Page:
How we manage post-rupture Achilles tendinopathy - a retrospective study
ESSKA Academy. PREJBEANU R. Nov 8, 2019; 284454; epESMA-57
Prof. Dr. Radu PREJBEANU
Prof. Dr. Radu PREJBEANU
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How we manage post-rupture Achilles tendinopathy - a retrospective study

ePoster - epESMA-57

Topic: Prevention in Sports

Mioc M.-L.1, Vermesan D.2, Deleanu B.2, Haragus H.2, Prejbeanu R.2
1Timisoara Clinical Emergency County Hospital, Timisoara, Romania, 2Victor Babes University of Medicine and Pharmacy, Timisoara, Romania

Introduction: Achilles tendon tears (ATT) are a common injury amongst athletes and young active patients. Any dysfunctional healing process may lead to tendinopathy. Achilles tendinopathy (AT) is a pathology that impairs active patients to re-enter their normal, sport-based lifestyle. Different treatment options such as conservative treatment, injections, physical therapy or surgery are currently being discussed. There is no current gold standard that leads to good results in most patients due to this therapeutic diversity.
Objectives: We tried to associate post-tears tendinopathy incidence with rupture location (insertional, mid-substance), type of surgical technique (augmented, head-to-head) and rehab protocol. We then tried to assess the rate of success of our different treatment options.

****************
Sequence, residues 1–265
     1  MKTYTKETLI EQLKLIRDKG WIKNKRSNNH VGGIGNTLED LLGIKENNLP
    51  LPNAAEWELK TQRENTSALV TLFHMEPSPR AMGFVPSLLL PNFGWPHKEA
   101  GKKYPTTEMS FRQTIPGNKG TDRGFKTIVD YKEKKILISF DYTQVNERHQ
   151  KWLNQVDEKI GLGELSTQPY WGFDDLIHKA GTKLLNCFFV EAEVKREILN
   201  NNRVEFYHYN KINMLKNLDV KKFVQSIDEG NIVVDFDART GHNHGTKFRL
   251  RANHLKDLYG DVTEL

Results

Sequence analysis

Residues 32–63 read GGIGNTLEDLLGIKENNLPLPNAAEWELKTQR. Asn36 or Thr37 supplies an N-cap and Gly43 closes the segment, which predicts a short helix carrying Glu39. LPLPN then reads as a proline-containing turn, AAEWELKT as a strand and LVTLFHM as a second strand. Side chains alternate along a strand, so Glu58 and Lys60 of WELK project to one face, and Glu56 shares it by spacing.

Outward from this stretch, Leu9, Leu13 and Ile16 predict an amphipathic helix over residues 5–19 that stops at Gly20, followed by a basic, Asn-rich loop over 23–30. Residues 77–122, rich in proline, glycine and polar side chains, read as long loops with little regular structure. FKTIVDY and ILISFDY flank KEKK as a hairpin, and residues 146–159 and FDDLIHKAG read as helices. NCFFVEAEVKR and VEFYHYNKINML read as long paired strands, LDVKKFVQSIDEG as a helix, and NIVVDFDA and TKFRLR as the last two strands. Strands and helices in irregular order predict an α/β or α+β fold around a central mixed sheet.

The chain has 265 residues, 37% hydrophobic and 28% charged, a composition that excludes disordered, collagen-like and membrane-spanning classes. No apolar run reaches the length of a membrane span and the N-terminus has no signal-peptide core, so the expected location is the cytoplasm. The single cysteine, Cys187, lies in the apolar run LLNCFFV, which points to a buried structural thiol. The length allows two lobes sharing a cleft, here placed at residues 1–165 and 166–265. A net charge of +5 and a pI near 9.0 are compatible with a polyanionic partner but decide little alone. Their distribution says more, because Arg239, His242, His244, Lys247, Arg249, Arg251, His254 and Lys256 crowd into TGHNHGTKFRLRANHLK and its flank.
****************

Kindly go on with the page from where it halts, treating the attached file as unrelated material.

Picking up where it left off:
Aims: Our aim was to determine factors that may lead to “post-tears tendinopathy” and evaluate different treatment options.
Methods: We retrospectively analyzed a lot of 52 patients that presented with ATT and were operated upon in our clinic, by the same surgical team in a 5-year interval. We gathered the baseline characteristics of our lot (sex, age, level of sport, type of surgical technique, rupture location, rehab protocol). We performed MRIs before the surgery and 6 months after the surgery as standard. Ultrasonographies were performed at the 3, 6 and 12 months follow-ups. Postoperative pathological occurrences were noted and observed during the treatment.
Results: We diagnosed 8 (15.35%) patients with post-tear Achilles tendinopathy. 7 of them were diagnosed clinically and with the ultrasonography, 12 months after the surgery. One patient showed signs (clinical and imagistic) of tendinopathy at the 6-months follow-up. Males were predominant 7:1 (p< 0.005), and we observed a higher incidence of occurrence with increased age. Insertional tears lead to a significant increase in tendinopathy incidence (p< 0.005). We found no statistical significance relating surgical technique (head-to-head, plantaris longus augmentation) to further tendinopathy. 5 patients improved during the rehabilitation protocol and 3 required re-operation due to traumatic re-rupture.
Conclusions: The incidence of ATT raises due to an active lifestyle of an aging population. This aging population is prone to a bad healing response that should be treated primarily with new rehabilitation methods rather than re-operation.
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